Captain Audio began their life as a bare-bones guitar-drum duo, but by the time they recorded this debut EP, Regina Chellew and Josh Garza had added bassist/keyboardist Brandon Curtis, and they had existed as a legit power trio for about half a year. And power is one immediately relevant word for describing the band. Despite a couple of parts that still sound clunky, there is little evidence of a band still finding their sound. Instead My Ears Are Ringing Buy My Heart's OK bursts forth like the work of an assured band that started fully formed, as they blast through six propulsive, skewered songs faster than you can say 'futuristic pop.' The matter-of-fact instrumental "Put That Sweater On" opens the album loaded down with feedback. Angular, electronically processed noise is used throughout the album in this way by the band, and the result is music so thoroughly modern that it sounds like tomorrow. The songwriting is ambitious and edgy. Sonic textures are stratospherically juxtaposed and stop-on-a-dime, jump-cut parts veer from sharp deconstruction to floating melodicism. It pulls the legacy of Phil Spector's Wall of Sound -- the sound of a whole roomful of bulging, rumbling sounds spilled out at the same time -- into a completely electric realm, but is even more evocative of Joe Meek if he were producing a jazz band. "Often Mistaken for the Sun" could almost be called free-jazz, with wild saxophone runs emanating out of an apocalyptic soundscape of agitated drums and eerily phased, atmospheric guitar sounds. It is freakish gem that impels you into its chaos because it is such a thrilling, cosmic din. But beneath it all, Captain Audio has a penchant for fabulous, time honored tunes. The next and final cut, "Know It All," turns the same instrumentation on its side and points out what ultimately makes My Ears Are Ringing so appealing. If you peel back the layers of cavernous noise, there is a song that could have sprung from the basement of the Band's Big Pink house just as easily as it could have tumbled down from space.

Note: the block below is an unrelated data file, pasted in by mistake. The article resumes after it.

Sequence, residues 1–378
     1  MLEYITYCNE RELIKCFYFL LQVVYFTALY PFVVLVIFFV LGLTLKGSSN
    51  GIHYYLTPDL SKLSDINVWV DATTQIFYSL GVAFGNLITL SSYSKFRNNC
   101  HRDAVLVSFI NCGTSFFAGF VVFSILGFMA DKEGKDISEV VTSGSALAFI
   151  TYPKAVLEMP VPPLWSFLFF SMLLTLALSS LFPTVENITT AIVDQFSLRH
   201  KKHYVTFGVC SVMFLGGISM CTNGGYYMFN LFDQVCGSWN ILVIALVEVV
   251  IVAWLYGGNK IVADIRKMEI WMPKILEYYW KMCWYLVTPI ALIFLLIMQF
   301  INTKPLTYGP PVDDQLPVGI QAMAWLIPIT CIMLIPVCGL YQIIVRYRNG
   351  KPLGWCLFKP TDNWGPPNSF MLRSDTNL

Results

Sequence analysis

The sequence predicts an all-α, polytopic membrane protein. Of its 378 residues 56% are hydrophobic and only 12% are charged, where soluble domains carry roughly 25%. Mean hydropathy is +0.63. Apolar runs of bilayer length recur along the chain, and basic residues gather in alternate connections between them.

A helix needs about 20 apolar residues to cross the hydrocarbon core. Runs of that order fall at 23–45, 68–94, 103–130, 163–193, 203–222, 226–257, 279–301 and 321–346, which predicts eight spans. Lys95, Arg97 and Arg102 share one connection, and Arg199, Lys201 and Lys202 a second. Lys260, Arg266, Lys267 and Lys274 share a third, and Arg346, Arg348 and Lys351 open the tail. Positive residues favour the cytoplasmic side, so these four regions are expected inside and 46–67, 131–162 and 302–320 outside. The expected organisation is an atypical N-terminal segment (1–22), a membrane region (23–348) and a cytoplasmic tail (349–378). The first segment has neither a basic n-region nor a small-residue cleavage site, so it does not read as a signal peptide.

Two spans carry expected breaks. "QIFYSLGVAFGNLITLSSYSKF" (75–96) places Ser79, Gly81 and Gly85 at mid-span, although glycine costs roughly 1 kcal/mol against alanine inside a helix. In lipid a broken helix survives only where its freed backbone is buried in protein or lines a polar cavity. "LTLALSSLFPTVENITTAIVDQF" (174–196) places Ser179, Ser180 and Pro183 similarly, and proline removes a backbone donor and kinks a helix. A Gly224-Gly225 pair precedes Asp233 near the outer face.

AllMusic Review by Stanton Swihart